Swinging onto PSVR, does Windlands 2 ascend to the skies or plummet to the ground? The Finger Guns review:
The concept of VR was almost tailor-made for games like Windlands 2, where the act of swinging through the trees should create that same thrill of immersive, free movement, akin to what Spiderman or Tarzan would exhilaratingly experience. Indeed, the idea of using VR tech to create a free-flowing, full locomotion game around this style of movement is exactly the kind of thing that should shine and swing spritely where regular, non-VR titles fall.
Windlands 2 pulls off the act of swinging and movement well for the most part, but loses its grip in some significant areas. It should have been an adrenaline ride of flying proportions, but ends up too easily forgettable and uninteresting to invest much more in than appreciating the first couple hours. So what knocks this flawed sequel out of the skies and into the undergrowth? Well, stick with me and let’s find out.
Grappling With The Stars
As you may have already suspected, Windlands 2 is a follow-up to the 2017 original, bringing with it more story and gameplay elements compared to its exploration-heavy predecessor. So far, so standard. Originally launching only a year later on Oculus equipment, Windlands 2 has finally made its flying debut on PSVR hardware, so you’d hope the time has been used to port it in the best condition possible.
Starting out, you’re given a nice tutorial to get attuned to the physics and movement demands from using your grapple hooks to traverse the world. Once set loose onto the landscape itself, you’ll be needing to fire your hooks with precision to hit plants, trees, cacti and basically anything green to anchor yourself into the air. When it works and you hit your airborne stride, it feels bloody wonderful.
A couple of times I nailed the rhythm of hitting one branch to another with the fluidity and grace of a bona fide gazelle, gleefully reveling in fantasy of being Spiderman for just a moment. I say just a moment, because before long you’ll run into the inherent problems with Windlands 2 movement mechanics on PSVR. From reviewing some Oculus gameplay, there appears to be a significant disparity in that tech having more precise aiming, sensitive swinging motion and just generally more refined systems.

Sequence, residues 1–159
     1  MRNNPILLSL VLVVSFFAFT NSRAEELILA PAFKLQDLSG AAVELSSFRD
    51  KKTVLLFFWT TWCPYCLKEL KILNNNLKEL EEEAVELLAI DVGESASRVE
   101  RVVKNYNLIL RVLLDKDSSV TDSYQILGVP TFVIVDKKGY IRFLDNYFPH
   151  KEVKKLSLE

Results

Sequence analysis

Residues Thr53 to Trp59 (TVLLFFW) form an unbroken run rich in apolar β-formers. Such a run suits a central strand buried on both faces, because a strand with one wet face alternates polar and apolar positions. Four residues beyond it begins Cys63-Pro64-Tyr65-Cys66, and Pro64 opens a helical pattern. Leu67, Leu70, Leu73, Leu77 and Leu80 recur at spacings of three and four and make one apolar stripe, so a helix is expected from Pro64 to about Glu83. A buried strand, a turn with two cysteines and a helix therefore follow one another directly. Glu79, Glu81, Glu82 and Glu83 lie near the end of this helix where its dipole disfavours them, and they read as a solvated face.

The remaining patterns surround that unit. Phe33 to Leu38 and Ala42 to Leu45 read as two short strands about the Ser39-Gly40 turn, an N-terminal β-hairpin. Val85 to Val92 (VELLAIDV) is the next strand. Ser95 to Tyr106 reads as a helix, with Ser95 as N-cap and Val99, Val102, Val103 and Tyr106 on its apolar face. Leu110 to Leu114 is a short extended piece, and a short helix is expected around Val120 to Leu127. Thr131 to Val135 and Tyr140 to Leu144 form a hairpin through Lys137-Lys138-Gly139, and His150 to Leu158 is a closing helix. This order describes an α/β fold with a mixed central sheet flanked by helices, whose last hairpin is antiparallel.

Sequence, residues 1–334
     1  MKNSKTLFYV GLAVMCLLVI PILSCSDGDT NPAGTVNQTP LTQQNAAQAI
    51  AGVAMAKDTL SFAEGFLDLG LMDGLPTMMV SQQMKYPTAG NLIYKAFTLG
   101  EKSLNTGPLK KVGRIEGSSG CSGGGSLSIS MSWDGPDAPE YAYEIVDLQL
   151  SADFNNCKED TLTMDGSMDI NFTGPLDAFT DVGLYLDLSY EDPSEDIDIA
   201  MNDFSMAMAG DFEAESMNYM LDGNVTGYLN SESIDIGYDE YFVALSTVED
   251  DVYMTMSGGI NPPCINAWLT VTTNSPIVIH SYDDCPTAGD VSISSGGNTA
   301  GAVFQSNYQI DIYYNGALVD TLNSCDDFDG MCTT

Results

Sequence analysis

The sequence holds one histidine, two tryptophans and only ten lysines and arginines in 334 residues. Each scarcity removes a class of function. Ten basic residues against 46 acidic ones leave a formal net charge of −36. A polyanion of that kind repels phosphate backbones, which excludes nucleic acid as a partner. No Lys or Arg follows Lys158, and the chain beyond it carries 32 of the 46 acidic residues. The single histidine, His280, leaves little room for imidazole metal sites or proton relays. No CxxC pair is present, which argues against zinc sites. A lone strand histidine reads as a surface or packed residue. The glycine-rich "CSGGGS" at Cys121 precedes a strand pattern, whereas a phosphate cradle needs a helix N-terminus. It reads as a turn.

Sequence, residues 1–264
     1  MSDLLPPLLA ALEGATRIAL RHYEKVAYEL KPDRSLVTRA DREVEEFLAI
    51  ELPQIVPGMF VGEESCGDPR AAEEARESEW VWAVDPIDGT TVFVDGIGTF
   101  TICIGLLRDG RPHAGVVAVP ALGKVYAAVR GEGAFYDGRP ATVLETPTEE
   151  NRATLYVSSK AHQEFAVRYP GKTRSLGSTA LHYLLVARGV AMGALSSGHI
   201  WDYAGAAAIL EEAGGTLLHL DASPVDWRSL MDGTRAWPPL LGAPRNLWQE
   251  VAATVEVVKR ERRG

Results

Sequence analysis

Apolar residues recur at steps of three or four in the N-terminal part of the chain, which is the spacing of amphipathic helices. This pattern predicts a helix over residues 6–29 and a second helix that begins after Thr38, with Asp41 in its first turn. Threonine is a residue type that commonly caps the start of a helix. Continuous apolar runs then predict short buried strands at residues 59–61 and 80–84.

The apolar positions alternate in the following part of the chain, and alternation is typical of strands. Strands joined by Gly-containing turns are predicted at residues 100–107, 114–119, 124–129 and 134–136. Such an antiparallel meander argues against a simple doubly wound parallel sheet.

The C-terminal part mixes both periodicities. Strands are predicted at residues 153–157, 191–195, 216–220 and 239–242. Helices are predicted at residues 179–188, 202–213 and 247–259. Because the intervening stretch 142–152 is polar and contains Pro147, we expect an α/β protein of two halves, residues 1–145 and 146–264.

PSVR functions fine enough to get by, with some fleeting moments being great, but too often my aiming reticle for my right hand would disappear, leaving me guessing (poorly) at distance or angle. Infrequently, I’d hit through the object I’ve aimed to grapple on, causing me to fall to my death or I’d be firing arrows at enemies only for them to “miss” despite hitting the designated target perfectly.
Add in some minor but frequent detection issues and later areas adding in hazardous targets to grapple onto, it quickly develops into a cocktail of frustration, tedium and annoyance. When it feels like working, it can be bloody glorious to play, but these moments are too fleeting and the exception as opposed to the norm, which is a problem. With patch support for PSVR2 promised however, Windlands 2 may have the potential to soar in future, as it does seem the issues lie more on the hardware than software side.
Bow To The Sky
Unlike the original, Windlands 2 isn’t just content to have you launching and thrusting yourself around aimlessly – you’ll also need to do battle with robotic fiends to succeed. Armed with your bow, you’ll need to take aim while on the move to stay alive and slay your foes in style. Not gonna lie, nailing a perfect shot mid-air before dashing around another obstacle and firing off another volley of arrows was super satisfying at times.
Once again, this positive promotion comes with caveats. The bow is your only weapon and there are only two varieties of robots to eliminate outside of bosses. Hit detection can be completely arbitrary – sometimes missing when hitting dead on, other times causing enemies to explode despite hitting the wall or ground in front of them. It’s a mysteriously chaotic bow, that’s for sure.
Some enemy placement can be a pain to find when you’re trying to complete your assigned task too, making for a tedious game of hide-and-seek that drags on, putting the brakes on your free-flowing swinging. With no other varieties of weapon or things to unlock, it just becomes very repetitive and this happens far too quickly into the runtime, causing the rest of the game to meandre to a slow, draining finish. You start out feeling like a red arrow before it turns into a Boeing 747.
I pondered to myself after getting vexingly bored in one encounter that drudged on far too long whether I’d have actually preferred the original. The exploration is the best part of this experience and Windlands 2, in my mind, should have doubled down on the combat to make it progressive and rewarding, or virtually scrapped it altogether to focus on what works best.
Beasts Of Mechanics
As mentioned before, there’s a handful of boss encounters you’ll contend with in each of the 3 areas (jungle, desert and mountain). Each one will be a slightly different variant of a theme (worm type, armoured spider type etc) with glowing hit spots and big arenas to maneuver around. Some fly, some are grounded, some travel in-and-out of the arena, that kind of thing.
In between sparring rounds with the larger robots, you’ll again have to contend with waves with smaller enemies, padding out each boss battle unnecessarily. One particular fight had smaller robots spawn in via pillars that erected and fell, where the animation took so long I could line up the shot, fire and sit there waiting for the next. I was so painfully bored at this point, I played it almost one-handed and on automatic, such was the lack of challenge presented.